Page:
Section 977, subdivision (a), confers upon a defendant in a misdemeanor proceeding a “statutory right to be absent under the Penal Code.”   (People v. Kriss (1979) 96 Cal.App.3d 913, 916, 158 Cal.Rptr. 420;  Olney v. Municipal Court (1982) 133 Cal.App.3d 455, 459, 184 Cal.Rptr. 78.) 5  However, the court may, in the exercise of its judicial discretion, order an accused to appear in person at a particular state of the proceedings if “the particular facts and circumstances underlying an individual case justify ordering an accused to personally appear.”  (Olney, supra, 133 Cal.App.3d at pp. 461, 462, 184 Cal.Rptr. 78 [municipal court cannot require misdemeanor defendants to appear in person at readiness and sentencing hearings unless the specific facts and circumstances of an individual case so justify].)

The People argue that as a policy matter “an appearance [by the defendant in person] to set bail manifestly is contemplated.”   We cannot follow the logic in this argument.   A cited defendant has been released on his or her own recognizance.   If the prosecutor convinces the court that bail is  necessary, it may be set under the uniform countywide schedule of bail for misdemeanor offenses (see § 1269b, subd. (d)) and the defendant's presence would ordinarily not be required.6  Or, if the facts and circumstances so justify, the court can order the appearance of a defendant in person for a bail hearing to consider setting or increasing bail.   This might occur at the request of the prosecutor or on the court's own motion.   If the defendant then fails to appear, a bench warrant may issue pursuant to section 978.5, subdivision (a)(5), which provides:  “A bench warrant of arrest may be issued whenever a defendant fails to appear in court as required by law including, but not limited to, the following situations:  If a defendant is authorized to appear by counsel and the court or magistrate orders that the defendant personally appear in court at a specific time and place.”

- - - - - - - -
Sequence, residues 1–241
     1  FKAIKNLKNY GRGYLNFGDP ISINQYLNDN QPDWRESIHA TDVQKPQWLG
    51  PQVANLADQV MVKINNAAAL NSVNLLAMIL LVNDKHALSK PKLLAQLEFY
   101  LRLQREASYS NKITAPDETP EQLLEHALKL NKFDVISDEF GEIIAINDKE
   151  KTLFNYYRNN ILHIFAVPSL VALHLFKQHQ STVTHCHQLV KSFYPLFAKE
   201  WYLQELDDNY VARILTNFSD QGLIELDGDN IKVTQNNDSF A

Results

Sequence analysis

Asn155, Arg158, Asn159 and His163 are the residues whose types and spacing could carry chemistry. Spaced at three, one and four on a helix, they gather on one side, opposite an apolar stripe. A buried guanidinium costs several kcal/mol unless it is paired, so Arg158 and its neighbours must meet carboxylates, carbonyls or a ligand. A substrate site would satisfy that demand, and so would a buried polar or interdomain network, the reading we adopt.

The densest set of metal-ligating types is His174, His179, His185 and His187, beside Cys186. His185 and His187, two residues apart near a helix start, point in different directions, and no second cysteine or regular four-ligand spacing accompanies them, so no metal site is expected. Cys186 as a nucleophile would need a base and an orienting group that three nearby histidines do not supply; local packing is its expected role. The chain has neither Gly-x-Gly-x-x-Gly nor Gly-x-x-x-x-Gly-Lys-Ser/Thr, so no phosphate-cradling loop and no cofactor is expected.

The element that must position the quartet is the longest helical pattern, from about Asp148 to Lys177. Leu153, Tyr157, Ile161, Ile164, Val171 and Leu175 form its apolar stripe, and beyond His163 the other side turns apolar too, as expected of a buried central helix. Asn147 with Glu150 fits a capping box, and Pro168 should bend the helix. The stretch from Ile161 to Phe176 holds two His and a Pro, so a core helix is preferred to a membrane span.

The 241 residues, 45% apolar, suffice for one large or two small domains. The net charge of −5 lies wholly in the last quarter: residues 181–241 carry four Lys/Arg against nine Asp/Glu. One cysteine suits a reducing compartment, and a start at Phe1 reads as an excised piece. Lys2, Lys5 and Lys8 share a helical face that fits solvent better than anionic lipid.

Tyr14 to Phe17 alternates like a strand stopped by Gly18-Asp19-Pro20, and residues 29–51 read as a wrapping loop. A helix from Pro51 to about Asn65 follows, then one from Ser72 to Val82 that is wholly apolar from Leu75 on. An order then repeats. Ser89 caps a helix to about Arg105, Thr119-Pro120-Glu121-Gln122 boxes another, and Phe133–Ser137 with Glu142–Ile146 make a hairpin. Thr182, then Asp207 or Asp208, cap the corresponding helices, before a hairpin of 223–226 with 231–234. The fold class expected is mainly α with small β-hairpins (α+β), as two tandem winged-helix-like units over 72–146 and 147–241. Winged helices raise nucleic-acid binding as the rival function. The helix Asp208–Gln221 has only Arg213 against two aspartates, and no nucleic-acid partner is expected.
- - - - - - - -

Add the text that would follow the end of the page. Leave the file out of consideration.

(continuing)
Let a peremptory writ of mandate issue directing respondent superior court to set aside its order denying Simmons' petition for a writ of mandate and directing it to issue a writ of mandate ordering the municipal court to permit persons charged with misdemeanors and released upon a notice and promise to appear to thereafter appear by counsel only unless the circumstances of an individual case justify ordering an accused to appear in person.

FOOTNOTES

1.   Penal Code section 977, subdivision (a), provides:  “In all cases in which the accused is charged with a misdemeanor only, he may appear by counsel only.”All further statutory references are to the Penal Code unless otherwise specified.

2.   Pursuant to section 977, subdivision (b), a waiver of a defendant's appearance in person in a felony case must be by written waiver, executed in open court with leave of the court and approved by the defendant's counsel.  (Approval of the prosecutor is not required.)   This requirement does not apply to misdemeanor cases.

3.   Section 978.5, subdivision (a)(4), provides:  “A bench warrant of arrest may be issued whenever a defendant fails to appear in court as required by law including, but not limited to, the following situations:  If the defendant is released from custody or arrest upon citation by a peace officer or other person authorized to issue citations and the defendant has signed a promise to personally appear in court at a specific time and place.”

4.   Section 977 was enacted in 1872 and amended in 1880, 1951 and 1968;  section 978.5 was enacted in 1981.

5.   The court must be confident that the acts of counsel are authorized by the absent defendant.  (Olney v. Municipal Court, supra, 133 Cal.App.3d 455, 461, 184 Cal.Rptr. 78.)   However, the court can rely upon the representations of defense counsel that the accused was knowingly absent from the proceedings.  (Id., at p. 461, fn. 5, 184 Cal.Rptr. 78;  People v. Singer (1980) 115 Cal.App.3d Supp. 7, 11, 171 Cal.Rptr. 587.)

6.   Under the uniform schedule of the San Francisco Municipal Court, bail for DUI is $500.

BENSON, Associate Justice.

KLINE, P.J., and McCARTY, J.,* concur.